New York: Frederick A. Stokes Comapny, 1923. Item #03973
William Timlin's Masterpiece
'The Ship That Sailed To Mars'
Forty-Eight 'Fantastic' Color Plates
TIMLIN, William M. The Ship that Sailed to Mars, A Fantasy. Told and Pictured by William M. Timlin. New York: Frederick A. Stokes Company, .
First American Edition. Limited to 250 copies for the US of which this is number 43.
Large quarto (12 x x 9 3/16 inches; 305 x 233 mm.). 96 pp. All on thick gray paper, comprising forty-eight mounted color plates and forty-eight mounted leaves of calligraphic text.
Quarter vellum over gray boards, front cover decoratively lettered in black, spine elaborately stamped in gilt, gray end-papers. A near fine copy, the gilt on the spine bright and fresh, one of the best that we have ever seen.
William Timlin (1893-1943), ?born in Ashington, Northumberland, Timlin was educated in England but emigrated to South Africa before 1915 and studied art there. He did illustrations in pen and ink and watercolour, and exhibited regularly in South Africa, where he practised as an architect. He wrote stories, composed music, illustrated periodicals, produced watercolour fantasies, painted in oil, and produced etchings. His book, The Ship That Sailed to Mars, was published in 1923 and the film rights were purchased in the US, where Timlin was popular during his lifetime. It has been asserted that the illustrations to this book put him in the top ten of fantasy illustrators with Rackham, Dulac, Goble and Nielsen. He died in Kimberley, South Africa? (Alan Horne, The Dictionary of 20th Century British Book Illustrators).
?The most original and beautiful children?s book of the 1920s was William M. Timlin?s masterpiece The Ship That Sailed to Mars: A Fantasy. Excelling the production values previously lavished on Willy Pogany and Harry Clarke, George Harrap published this huge and magnificent volume in November 1923, finely bound in quarter vellum richly decorated in gilt. ?Told and Pictured by William M. Timlin?, the book contained 48 superb colour plates by the artist, alternated throughout with 48 leaves adorned with his fine calligraphic and poetic text. These pieces of art were all mounted by hand on grey matte paper, reminiscent of Harrap?s best pre-war editions de luxe, notably Pogany?s The Rime of the Ancient Mariner. Timlin?s fantasy is a magical combination of science fiction and fairyland. His watercolours equal the best work of Arthur Rackham and W. Heath Robinson, seen to great effect in ?The Raising of the Tower?, ?The Celebration?, ?The Palace Gardens?, ?The Seven Sisters? (living in compact little moons, each complete with doors, windows and chimneys), ?The Jeweller?s Shop? (?An elf would run out from some low-browed jeweller?s shop and press a priceless ruby into his hand?), and ?The Temple? (?Myriad-pinnacled, with daring spans of flying buttress and airy bridge, a place of supreme happiness?).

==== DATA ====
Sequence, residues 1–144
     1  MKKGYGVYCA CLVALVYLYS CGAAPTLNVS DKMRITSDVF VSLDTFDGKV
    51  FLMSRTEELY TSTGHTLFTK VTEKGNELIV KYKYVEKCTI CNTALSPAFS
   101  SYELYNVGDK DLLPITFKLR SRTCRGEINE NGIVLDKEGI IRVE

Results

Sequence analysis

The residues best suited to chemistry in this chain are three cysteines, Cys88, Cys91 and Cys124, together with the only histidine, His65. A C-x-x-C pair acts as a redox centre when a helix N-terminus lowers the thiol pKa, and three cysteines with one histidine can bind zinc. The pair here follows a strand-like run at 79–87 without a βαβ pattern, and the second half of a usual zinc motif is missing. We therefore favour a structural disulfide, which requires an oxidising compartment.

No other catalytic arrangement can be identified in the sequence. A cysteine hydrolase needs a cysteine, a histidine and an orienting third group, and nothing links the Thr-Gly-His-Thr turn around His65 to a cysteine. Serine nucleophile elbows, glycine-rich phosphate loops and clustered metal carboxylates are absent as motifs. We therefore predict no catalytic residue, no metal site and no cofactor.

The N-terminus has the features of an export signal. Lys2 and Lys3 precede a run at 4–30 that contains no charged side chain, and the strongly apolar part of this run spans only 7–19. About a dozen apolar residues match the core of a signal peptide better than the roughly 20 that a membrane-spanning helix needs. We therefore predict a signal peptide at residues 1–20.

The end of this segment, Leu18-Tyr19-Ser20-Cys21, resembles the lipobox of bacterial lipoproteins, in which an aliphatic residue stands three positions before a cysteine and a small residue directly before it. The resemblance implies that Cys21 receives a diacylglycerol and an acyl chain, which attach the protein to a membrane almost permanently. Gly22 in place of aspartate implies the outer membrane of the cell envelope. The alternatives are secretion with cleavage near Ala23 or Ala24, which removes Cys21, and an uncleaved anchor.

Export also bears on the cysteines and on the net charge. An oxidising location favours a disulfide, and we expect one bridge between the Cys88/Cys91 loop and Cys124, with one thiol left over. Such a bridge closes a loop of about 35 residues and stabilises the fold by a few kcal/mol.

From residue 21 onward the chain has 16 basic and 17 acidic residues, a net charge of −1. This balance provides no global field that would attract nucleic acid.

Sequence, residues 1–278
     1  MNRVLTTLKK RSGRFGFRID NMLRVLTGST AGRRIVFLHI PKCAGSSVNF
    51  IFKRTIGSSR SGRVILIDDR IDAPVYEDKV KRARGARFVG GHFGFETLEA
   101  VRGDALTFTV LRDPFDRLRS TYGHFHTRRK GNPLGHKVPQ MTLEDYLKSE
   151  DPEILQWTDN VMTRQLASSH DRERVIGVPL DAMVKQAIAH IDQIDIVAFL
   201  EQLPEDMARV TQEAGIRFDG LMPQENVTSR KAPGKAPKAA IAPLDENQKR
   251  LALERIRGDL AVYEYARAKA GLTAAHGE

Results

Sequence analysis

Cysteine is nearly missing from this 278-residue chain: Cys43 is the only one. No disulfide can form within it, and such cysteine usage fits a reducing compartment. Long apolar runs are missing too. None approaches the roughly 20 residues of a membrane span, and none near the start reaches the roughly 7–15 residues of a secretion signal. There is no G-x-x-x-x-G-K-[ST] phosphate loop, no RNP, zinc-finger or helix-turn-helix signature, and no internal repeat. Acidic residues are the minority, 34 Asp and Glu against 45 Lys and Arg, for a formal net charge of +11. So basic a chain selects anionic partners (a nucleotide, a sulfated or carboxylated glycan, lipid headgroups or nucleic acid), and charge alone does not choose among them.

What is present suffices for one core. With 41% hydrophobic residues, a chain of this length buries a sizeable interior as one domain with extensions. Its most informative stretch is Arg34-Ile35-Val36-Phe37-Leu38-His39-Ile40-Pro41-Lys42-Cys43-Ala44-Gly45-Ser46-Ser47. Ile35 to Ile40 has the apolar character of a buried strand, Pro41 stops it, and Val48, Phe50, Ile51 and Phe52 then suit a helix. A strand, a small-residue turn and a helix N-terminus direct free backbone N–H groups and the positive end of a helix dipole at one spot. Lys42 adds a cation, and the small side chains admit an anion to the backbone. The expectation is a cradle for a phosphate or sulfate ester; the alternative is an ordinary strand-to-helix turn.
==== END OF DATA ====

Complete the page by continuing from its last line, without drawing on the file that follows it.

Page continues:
The film rights to the book were sold in America, but the movie, which was to be called Get Off the Earth, was never completed? His later series of paintings, intended as plates for a book to be entitled The Building of a Fairy City, were never published in that form, but some (including the magical ?Fantasy and Triumphal Arch?) have been issued as postcards in South Africa? (Richard Dalby, The Golden Age of Children?s Book Illustration, p. 102).
"Only 2000 copies were printed (including 250 copies prepared for distribution in America under the Stokes imprint). Harrap's remaining stock of the book and the original drawings were destroyed by enemy action in early 1941 and the first edition is scarce." Locke, A Spectrum of Fantasy Volume II, p. 109.